and copper carbonate were used in mixtures of syrup and water.
Tartar emetic proved to be the most effective. It was first used







State Plant Board of Florida


in the field at the rate of six pounds of tartar emetic, 5 gallons
of syrup and 100 gallons of water. As a result of experimental
work in the laboratory the amount was later reduced to four
pounds. This material costs around 32 cents a pound in large
amounts. It is necessary to use a good grade of syrup in order
to prevent staining of woodwork on houses, curtains and clothes
hanging on lines to dry. The grade used at Key West costs about
30 cents a gallon.
One Bean power sprayer and two Fitzhenry Guptill power
sprayers, the property of the federal government, were sent to
Key West. These, together with several knapsack sprayers,
were used. Later the knapsack sprayers were dispensed with.
With two power outfits, uninterrupted by adverse weather or
breakdowns, all the trees concerned could be sprayed in six days.
The program called for two applications a month. Under the
present arrangement, one machine is used continuously, the
time required to make one complete coverage being from twelve
to fourteen days. To date (June 30, 1934) 21 applications have
been made.
Infestations in the Field
The following table shows the number of infested properties
found by years, the host affected, as well as the number of adult
flies collected in traps.
Hog I Barbados Traps-
Year Plum Guava Cherry I Fig I Soil I Total Adults
1930............ 2 ............................. ........................ 2 0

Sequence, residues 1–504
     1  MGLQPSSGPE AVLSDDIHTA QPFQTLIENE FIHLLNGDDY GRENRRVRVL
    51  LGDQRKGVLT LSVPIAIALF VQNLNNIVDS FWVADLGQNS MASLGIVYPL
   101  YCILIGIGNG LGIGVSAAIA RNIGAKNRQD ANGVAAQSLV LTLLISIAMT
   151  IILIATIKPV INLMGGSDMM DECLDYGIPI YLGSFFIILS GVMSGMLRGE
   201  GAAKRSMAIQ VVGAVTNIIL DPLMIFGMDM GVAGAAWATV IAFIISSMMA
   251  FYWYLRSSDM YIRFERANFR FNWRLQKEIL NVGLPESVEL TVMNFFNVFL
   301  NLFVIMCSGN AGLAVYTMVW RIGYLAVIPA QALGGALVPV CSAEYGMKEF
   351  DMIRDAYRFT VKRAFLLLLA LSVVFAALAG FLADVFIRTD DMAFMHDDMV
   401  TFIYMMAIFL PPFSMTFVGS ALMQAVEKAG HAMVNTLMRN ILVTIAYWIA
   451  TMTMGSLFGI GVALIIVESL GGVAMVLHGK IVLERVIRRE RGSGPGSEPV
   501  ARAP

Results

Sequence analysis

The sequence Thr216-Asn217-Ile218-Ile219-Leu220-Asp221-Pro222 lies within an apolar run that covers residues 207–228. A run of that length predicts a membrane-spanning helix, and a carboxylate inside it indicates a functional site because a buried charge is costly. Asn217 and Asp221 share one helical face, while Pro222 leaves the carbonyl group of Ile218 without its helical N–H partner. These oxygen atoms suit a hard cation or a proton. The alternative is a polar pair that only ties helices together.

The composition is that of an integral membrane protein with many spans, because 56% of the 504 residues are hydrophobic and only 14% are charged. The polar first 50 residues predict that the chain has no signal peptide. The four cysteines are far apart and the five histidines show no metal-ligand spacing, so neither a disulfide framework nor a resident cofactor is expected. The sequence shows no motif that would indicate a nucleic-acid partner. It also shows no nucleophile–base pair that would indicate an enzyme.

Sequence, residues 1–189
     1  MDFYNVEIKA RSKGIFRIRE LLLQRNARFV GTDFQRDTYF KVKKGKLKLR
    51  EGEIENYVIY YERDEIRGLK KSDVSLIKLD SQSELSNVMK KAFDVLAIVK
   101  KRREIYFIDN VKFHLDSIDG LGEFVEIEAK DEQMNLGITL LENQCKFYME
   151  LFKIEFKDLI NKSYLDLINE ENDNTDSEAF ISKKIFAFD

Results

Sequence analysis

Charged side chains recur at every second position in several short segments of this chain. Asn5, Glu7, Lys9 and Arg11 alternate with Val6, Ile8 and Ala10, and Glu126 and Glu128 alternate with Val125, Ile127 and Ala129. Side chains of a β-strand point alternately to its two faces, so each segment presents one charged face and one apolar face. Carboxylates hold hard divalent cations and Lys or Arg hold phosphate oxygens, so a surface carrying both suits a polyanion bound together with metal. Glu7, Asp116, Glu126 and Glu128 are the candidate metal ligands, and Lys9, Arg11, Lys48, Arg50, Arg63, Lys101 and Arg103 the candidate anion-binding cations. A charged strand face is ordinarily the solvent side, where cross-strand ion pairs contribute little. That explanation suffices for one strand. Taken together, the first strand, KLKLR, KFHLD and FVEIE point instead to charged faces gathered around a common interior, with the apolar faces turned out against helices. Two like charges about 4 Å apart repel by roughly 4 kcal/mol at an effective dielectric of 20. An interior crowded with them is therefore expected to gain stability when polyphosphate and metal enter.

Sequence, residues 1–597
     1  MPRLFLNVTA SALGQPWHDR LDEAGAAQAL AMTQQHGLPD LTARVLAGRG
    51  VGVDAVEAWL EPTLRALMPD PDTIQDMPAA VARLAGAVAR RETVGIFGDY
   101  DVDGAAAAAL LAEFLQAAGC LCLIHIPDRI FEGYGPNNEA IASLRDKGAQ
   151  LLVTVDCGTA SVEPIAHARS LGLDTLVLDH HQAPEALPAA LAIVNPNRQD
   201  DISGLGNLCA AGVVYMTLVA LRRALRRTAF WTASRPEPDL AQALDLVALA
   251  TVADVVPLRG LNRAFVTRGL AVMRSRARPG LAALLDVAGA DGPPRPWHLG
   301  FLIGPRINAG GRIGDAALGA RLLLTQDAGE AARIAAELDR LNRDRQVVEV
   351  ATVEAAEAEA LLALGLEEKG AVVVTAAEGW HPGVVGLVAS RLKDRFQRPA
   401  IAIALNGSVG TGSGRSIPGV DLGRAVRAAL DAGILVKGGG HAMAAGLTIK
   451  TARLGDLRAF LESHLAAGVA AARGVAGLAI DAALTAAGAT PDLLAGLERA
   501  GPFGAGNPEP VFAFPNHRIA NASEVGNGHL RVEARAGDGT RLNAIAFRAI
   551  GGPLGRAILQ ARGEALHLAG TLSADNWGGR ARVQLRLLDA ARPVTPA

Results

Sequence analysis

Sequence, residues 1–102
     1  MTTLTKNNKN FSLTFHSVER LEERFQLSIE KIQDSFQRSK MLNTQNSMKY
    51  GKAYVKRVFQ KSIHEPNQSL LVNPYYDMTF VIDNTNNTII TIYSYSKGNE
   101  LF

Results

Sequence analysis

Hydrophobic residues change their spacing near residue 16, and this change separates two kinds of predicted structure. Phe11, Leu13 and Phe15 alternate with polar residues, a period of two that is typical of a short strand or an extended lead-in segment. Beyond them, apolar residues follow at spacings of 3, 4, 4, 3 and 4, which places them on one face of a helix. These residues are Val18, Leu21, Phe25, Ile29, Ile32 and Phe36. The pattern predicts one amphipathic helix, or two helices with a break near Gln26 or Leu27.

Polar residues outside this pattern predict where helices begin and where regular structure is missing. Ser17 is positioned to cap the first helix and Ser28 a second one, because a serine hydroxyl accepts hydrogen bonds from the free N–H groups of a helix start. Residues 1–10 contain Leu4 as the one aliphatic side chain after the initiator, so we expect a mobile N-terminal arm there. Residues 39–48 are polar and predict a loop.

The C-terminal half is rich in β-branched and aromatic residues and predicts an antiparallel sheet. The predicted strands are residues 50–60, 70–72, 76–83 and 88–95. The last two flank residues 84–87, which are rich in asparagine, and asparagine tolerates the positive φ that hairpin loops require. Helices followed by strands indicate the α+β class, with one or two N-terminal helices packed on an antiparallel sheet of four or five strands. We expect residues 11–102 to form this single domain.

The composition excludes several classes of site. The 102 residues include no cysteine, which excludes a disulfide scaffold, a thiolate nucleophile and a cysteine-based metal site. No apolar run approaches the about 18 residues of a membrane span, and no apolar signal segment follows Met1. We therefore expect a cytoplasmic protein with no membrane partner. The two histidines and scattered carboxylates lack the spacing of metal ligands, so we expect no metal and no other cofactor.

1931......... 1 ..........-- ........ ... ............ 1 0
1932.......... 81 6 3 . ........... 90 0
1933..........--- 1 4 1 ............ 3 9 1
1934.......................... ...... 1? 22

Note: In 1933 soil sifted under trees-variety not stated-gave up
pupae on three different properties.
It will be noted that in 1934 22 adult fruit flies were captured
in traps. During previous years only a few traps were used,
while in 1934 a considerably greater number of traps, of a dif-
ferent and improved type, were placed in the field. This ac-
counts for the 22 adults collected.
During the fiscal year 1933-34 thousands of fruits were ex-
amined in the field and in the laboratory. On August 22, 1933,
2 Anastrepha acidusa and 1 Anastrepha suspense larvae were
recovered from guavas. On August 29, 1933, one Anastrepha
acidusa larva was collected on a pupation tray on which guavas






Tenth Biennial Report


had been placed on August 23. On September 18, 1933, one
Anastrepha acidusa larva was found in a hog plum fruit.
On February 5, 1934, two pupae were recovered from a pupa-
tion tray on which figs had been placed on January 30. One of
these pupae was sent to Washington for determination by ex-
perts attached to the Bureau of Entomology. The following
memorandum, prepared for Mr. Lee A. Strong, Chief of the
Bureau, was transmitted during the course of Mr. Strong's visit
to Florida early in March, 1934:
"Dr. Morrison reports on the specimen of pupa re-
ported to have been collected from fig and mentioned in
the attached letter from Dr. Montgomery:
"'Greene reports the specimen as Anastrepha sp.
(?); not a typical Anastrepha although he thinks it
might be. Benjamin also examined it and his report
is the same as Greene's although in different words.
Neither is absolutely certain that it belongs to the genus
Anastrepha.' "